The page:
Philosophy of Science 61 (3):407-28 (1994)

Authors
Charles Wallis
California State University, Long Beach
Abstract
This paper examines the nomic covariationist strategy of using idealization to define representation. While the literature has focused upon the possibility of defining ideal conditions for perception, I argue that nomic covariationist appeals to idealization are pseudoscientific and contrary to a foundational and empirically well-supported methodological presupposition in cognitive science. Moreover, one major figure in this camp fails to come to grips with its role and its problems in mainstream science. Thus he forwards a false dichotomy of the sciences and treats idealization as a blank check written by scientists on an unknown bank. Finally, I consider and reject alternative formulations of the nomic covariationist's idealization strategy
Keywords Cognition  Covariation  Physics  Representation  Science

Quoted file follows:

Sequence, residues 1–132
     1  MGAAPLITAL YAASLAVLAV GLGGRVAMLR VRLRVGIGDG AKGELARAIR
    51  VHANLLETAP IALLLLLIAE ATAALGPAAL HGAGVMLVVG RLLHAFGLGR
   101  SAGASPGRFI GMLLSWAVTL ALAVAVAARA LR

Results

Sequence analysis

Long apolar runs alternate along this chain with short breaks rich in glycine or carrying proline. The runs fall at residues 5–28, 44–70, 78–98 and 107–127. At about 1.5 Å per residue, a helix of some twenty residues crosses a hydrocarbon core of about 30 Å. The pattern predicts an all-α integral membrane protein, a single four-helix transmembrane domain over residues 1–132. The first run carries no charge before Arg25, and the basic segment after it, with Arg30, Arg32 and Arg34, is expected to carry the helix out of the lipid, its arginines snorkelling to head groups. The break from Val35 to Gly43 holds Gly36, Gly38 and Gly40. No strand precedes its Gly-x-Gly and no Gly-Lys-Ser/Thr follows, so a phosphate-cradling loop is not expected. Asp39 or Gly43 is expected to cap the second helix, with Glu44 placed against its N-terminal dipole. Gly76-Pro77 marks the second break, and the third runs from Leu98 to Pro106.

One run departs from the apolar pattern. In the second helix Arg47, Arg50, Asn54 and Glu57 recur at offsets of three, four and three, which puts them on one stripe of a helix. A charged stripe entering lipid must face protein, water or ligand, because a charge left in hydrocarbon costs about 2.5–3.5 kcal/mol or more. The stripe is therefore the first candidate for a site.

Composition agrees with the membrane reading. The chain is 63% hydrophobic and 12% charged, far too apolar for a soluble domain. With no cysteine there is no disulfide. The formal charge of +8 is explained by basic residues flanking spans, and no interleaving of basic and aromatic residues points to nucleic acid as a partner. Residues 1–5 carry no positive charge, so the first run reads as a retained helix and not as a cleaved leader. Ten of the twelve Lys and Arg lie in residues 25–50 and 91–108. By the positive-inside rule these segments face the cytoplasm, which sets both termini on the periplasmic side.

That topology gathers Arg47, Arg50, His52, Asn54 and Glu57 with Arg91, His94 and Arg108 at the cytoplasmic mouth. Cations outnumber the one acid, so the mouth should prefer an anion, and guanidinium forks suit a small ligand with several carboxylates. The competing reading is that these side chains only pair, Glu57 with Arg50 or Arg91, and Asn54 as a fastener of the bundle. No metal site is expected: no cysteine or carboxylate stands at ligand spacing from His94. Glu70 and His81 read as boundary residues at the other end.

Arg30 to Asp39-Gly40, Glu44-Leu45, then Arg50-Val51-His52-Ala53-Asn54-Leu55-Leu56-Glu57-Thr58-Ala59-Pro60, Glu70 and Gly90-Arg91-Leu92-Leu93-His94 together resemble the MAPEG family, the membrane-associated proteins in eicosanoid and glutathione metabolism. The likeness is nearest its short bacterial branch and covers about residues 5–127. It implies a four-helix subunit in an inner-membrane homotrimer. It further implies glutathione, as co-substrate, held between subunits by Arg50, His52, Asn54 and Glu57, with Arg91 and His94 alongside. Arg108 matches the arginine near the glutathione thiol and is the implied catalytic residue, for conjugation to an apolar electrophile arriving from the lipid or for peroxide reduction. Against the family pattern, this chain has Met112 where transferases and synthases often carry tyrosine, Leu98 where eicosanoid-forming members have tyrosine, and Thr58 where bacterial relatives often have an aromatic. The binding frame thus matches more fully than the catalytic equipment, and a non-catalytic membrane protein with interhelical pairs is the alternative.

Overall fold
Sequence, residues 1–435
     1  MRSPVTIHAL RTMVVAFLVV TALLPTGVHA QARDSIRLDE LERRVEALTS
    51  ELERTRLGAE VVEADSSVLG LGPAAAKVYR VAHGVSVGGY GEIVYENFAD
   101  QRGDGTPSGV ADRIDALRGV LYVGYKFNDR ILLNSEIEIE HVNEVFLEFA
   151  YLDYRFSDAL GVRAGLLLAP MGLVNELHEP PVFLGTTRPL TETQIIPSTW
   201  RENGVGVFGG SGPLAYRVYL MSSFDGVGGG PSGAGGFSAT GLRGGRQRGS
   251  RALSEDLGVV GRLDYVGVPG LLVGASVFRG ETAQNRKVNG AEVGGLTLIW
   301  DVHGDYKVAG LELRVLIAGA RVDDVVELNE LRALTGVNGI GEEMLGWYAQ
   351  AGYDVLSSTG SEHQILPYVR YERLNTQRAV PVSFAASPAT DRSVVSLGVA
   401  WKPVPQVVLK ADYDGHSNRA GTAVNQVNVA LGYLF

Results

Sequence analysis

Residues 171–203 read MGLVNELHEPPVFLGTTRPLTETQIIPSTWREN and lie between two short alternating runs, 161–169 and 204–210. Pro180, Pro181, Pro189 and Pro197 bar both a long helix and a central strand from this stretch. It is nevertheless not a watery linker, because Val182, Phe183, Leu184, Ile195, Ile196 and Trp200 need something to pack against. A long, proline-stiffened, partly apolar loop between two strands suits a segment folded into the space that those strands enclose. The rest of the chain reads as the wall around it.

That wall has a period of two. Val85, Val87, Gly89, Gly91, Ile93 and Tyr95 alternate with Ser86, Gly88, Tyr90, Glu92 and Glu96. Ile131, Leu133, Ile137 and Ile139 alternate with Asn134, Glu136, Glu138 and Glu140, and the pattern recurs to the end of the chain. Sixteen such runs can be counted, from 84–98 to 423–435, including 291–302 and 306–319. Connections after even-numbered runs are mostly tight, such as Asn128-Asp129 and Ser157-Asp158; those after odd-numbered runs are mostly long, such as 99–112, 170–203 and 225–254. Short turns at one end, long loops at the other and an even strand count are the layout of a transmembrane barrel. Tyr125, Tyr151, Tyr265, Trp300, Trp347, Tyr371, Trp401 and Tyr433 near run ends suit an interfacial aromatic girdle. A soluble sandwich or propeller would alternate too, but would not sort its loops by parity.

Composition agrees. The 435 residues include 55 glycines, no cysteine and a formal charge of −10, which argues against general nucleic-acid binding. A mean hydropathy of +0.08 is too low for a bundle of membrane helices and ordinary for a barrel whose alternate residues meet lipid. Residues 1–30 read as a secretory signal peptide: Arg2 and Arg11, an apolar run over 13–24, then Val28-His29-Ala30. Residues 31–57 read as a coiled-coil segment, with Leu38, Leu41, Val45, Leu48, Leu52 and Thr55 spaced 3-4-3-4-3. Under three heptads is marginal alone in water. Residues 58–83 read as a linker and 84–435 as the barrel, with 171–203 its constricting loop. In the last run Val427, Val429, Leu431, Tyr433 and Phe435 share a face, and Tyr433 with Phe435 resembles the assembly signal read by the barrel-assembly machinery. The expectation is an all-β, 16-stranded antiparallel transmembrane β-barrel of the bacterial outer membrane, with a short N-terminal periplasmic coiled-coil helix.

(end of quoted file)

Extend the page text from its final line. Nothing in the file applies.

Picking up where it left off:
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DOI 10.1086/289811
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References found in this work BETA

On the Plurality of Worlds.David K. Lewis - 1986 - Revue Philosophique de la France Et de l'Etranger 178 (3):388-390.
Special Sciences.Jerry A. Fodor - 1974 - Synthese 28 (2):97-115.
Counterfactuals.David Lewis - 1973 - Philosophy of Science 42 (3):341-344.

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Citations of this work BETA

Causal Theories of Mental Content.Fred Adams & Ken Aizawa - 2010 - Stanford Encyclopedia of Philosophy.
Representationalism and Indeterminate Perceptual Content.John Dilworth - 2007 - Phenomenology and the Cognitive Sciences 6 (3):369-387.
Abstraction and Unrealistic Assumptions in Economics∗.Steven Rappaport - 1996 - Journal of Economic Methodology 3 (2):215-236.
Asymmetric Dependence, Representation, and Cognitive Science.Charles Wallis - 1995 - Southern Journal of Philosophy 33 (3):373-401.

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